Vieques and Culebra are two island municipalities a mere 8 and 17 miles, respectively, off the east coast of Puerto Rico, but the lifestyle there is light-years away from that of the main island.

In addition to its beaches, Culebra and Vieques offer fantastic opportunities for diving and snorkeling.Referred to as the Spanish Virgin Islands, Vieques and Culebra are often described as “the way Puerto Rico used to be.” The pace of life doesn’t just slow down, it comes to a screeching halt. There are no fast-food restaurants or high-rise hotels, no golf courses or casinos, virtually no nightlife, and few tourist sights. And the only way to reach the islands is by plane or ferry. But what they do have are stunning beaches, world-class water sports, and lots of opportunity for R&R.

Playa Zoni in Culebra. Photo © Suzanne Van Atten.

Playa Zoni in Culebra. Photo © Suzanne Van Atten.

The small Spanish fort and museum El Fortín Conde de Mirasol on Vieques and the Museo Histórico de Culebra are the closest things to cultural attractions the islands have to offer. Instead, one of the main reasons to go is the islands’ wide sandy beaches, the most popular being Balneario Sun Bay in Vieques and Playa Flamenco in Culebra. In addition to its beaches, Culebra and Vieques offer fantastic opportunities for diving and snorkeling. If you don’t want to go on a group tour, excellent snorkeling from the beach at Playa Carlos Rosario in Culebra is easily accessible. And visitors to Vieques would be remiss not to visit the bioluminescent Mosquito Bay, which requires an overnight stay.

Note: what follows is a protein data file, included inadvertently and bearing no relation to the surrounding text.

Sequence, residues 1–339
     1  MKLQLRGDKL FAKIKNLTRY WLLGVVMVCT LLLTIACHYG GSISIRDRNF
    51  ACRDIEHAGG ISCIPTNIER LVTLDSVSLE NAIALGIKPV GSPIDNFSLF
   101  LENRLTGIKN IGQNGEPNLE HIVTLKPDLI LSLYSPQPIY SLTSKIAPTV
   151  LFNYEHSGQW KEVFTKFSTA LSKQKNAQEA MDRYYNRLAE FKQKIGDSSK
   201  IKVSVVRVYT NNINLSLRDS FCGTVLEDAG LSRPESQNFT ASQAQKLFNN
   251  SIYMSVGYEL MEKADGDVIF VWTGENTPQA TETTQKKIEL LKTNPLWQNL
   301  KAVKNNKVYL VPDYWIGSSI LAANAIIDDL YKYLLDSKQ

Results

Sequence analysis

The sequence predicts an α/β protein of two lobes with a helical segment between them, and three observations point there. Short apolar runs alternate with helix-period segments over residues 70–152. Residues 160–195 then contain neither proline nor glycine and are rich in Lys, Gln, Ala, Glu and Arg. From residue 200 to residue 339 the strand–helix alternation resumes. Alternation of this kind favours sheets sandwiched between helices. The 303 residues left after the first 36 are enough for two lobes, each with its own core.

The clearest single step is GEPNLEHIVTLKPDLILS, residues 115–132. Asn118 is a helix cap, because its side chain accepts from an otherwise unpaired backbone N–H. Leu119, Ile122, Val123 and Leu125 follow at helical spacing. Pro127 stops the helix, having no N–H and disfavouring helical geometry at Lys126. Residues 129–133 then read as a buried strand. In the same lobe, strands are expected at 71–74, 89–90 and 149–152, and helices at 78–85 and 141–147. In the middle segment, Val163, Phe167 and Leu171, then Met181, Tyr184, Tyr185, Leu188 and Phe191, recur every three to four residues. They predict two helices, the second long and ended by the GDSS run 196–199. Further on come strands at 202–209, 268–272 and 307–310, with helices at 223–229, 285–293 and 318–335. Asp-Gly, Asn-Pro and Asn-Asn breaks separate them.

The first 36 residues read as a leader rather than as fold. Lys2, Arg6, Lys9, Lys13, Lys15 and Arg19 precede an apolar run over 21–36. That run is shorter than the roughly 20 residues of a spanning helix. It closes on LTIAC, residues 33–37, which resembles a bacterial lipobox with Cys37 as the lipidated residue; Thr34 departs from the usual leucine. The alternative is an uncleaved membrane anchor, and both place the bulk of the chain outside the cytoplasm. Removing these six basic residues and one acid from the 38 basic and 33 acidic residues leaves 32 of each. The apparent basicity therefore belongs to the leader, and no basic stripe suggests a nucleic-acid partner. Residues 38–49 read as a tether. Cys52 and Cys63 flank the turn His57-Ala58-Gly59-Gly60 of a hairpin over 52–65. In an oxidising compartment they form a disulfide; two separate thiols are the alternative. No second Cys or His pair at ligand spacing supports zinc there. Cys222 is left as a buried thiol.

History

Although details are sketchy, Vieques is believed to have been inhabited by a series of indigenous peoples possibly thousands of years before Christopher Columbus “discovered” Puerto Rico in 1493. Based on the discovery of remains found in Vieques, some historians date the earliest inhabitants to the Stone Age era more than 3,500 years ago.

Thanks to a few archaeological digs in Vieques, slightly more is known about the Saladoids, believed to have come from Venezuela around 250 BC. They were followed by the Ostionoids around 400 BC and eventually the Taínos, a highly developed society of agriculturalists who lived on both Vieques and Culebra. The Taínos ruled Puerto Rico from about AD 1200 until the Spanish colonists wiped them out in the 1500s.

In the early 1500s, two Taíno brothers in Vieques journeyed to mainland Puerto Rico to help their fellow natives fight the Spanish conquerors. As a result, the governor of Puerto Rico sent troops to Vieques, where all the Taínos were killed or enslaved. For a long time after that, the islands became lawless havens for pirates who sought refuge in the protected harbors and ambushed passing ships.